Palace draws line on scrapping pillsBy TJ Burgonio, Leila Salaverria
Philippine Daily Inquirer
Malacañang is agreeable to “watering down” the reproductive health (RH) bill to craft a compromise version but not to the point of scrapping provisions on the promotion and funding of contraceptives such as pills and condom, officials said on Saturday.
Secretary Manuel Mamba, chief of the Presidential Legislative Liaison Office (PLLO) that acts as the bridge between the executive branch and Congress, admitted that administration lawmakers were bending backwards to accommodate amendments and save the bill.
“As much as possible they want to accommodate the bill but only up to a point,” Mambasaid by phone, referring to President Aquino’s allies in the House of Representatives.
Mamba said there were “extreme proposals” from some lawmakers to water it down to the point of scrapping provisions that seek to promote and finance contraceptives.
“I don’t think the Palace will agree to that. That’s practically passing nothing,” he said, indicating that the provision on contraceptives was nonnegotiable.
In a bid to compromise with the Catholic bishops, House leaders broached the idea of tweaking the provision on contraceptives. Instead of promoting the use of contraceptives nationwide, it was suggested that the bill make contraceptives available only to the “poorest of the poor.”
“That’s tantamount to class legislation,” Mamba pointed out.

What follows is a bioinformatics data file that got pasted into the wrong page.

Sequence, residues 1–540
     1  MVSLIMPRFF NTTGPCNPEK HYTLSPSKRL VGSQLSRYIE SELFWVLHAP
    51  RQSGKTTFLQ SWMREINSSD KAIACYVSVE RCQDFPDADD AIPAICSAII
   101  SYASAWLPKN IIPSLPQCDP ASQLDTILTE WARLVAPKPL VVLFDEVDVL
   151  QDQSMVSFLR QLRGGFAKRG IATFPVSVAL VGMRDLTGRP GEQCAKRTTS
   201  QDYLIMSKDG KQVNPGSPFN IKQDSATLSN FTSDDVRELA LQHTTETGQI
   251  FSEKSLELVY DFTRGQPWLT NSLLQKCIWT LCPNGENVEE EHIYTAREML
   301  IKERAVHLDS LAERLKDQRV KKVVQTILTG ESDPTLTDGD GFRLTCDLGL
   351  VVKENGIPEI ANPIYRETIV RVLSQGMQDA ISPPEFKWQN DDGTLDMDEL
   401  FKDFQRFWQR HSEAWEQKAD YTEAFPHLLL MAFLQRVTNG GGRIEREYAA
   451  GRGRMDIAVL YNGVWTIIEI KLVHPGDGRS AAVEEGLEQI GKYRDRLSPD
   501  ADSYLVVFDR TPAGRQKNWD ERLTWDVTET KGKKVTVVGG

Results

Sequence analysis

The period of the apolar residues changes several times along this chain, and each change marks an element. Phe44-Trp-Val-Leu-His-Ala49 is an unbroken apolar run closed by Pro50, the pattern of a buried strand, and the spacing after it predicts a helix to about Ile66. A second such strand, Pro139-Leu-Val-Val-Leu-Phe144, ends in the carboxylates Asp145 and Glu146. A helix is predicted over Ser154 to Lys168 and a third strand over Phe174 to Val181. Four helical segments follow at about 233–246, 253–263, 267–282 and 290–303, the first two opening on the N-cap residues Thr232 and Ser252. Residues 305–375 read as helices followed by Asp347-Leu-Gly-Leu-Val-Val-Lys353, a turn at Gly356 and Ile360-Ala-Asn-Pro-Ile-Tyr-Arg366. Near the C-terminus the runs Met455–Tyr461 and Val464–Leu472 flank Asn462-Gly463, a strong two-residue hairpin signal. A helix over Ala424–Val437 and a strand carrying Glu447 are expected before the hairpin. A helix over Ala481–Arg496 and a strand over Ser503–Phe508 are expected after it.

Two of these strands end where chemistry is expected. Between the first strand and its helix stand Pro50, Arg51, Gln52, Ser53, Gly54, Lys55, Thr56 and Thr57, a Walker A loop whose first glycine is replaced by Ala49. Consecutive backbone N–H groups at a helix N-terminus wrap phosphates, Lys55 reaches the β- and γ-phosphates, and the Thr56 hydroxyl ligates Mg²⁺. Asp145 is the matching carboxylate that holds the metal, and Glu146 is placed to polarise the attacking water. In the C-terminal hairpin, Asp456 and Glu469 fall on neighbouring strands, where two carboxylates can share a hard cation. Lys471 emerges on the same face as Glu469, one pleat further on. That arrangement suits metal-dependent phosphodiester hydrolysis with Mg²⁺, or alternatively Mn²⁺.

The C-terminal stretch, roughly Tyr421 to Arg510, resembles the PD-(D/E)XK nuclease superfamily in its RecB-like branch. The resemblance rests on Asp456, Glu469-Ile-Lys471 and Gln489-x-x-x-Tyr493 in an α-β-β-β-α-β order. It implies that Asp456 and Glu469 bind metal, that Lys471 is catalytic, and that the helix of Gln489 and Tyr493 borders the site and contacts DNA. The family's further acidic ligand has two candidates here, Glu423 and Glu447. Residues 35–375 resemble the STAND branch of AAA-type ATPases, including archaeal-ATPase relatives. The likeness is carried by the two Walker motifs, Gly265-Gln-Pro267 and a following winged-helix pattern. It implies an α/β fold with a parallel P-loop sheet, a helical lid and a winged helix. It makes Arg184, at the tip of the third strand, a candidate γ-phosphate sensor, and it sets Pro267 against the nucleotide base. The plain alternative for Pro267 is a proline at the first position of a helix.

The legislation mandates the government to promote contraceptives and educate all Filipinos on family planning.
Sen. Pia Cayetano, principal author of the Senate version of the RH bill, had introduced amendments deleting an entire subsection which Majority Leader Vicente Sotto III said could be used to effectively legalize abortion in the country.
She proposed replacing the controversial subsection with a direct statement: “Abortion is a criminal act in accordance with existing laws.”
On the inclusion of certain birth control devices in the list of essential drugs, Cayetano proposed that the bill simply state that the Philippine National Drug Formulary System be observed in including or excluding birth control supplies in the essential drugs list “in accordance with existing practice.”
Both amendments were approved unanimously.
Mamba said he would not know how far Mr. Aquino would go to rally lawmakers to muster the votes necessary to approve it in plenary.
“I really don’t know how far the President will intervene. He has said his piece,” he said, referring to the meeting convened by Mr. Aquino and attended by House lawmakers in August before they overwhelmingly voted to end the period of interpellation and move to the period amendments on the bill.
With some allies opposed to the measure and given the proximity of the 2013 midterm elections, support for the measure in the House was not as solid as before, Mamba said.
“They won’t bring it to a vote unless they have the numbers. I don’t know where it will go. But it’s a priority measure. The President really wants it.”
In the Senate, Mamba believes the administration has the numbers to approve the measure, but has to deal with Senate President Juan Ponce Enrile and Sotto who are fiercely opposed to the bill.
“That’s the problem,” he said.
Albay Rep. Edcel Lagman, one of the authors of the RH bill, on Saturday called for putting the controversial measure to a vote, regardless of whether the opponents were satisfied with its latest incarnation or not.
Lagman said that even without compromises, the bill was already acceptable to majority of Filipinos. “The RH bill in its pristine form has been acceptable to the overwhelming majority of Filipinos as documented consistently by periodic surveys with 71 percent of Catholics endorsing the bill,” he said.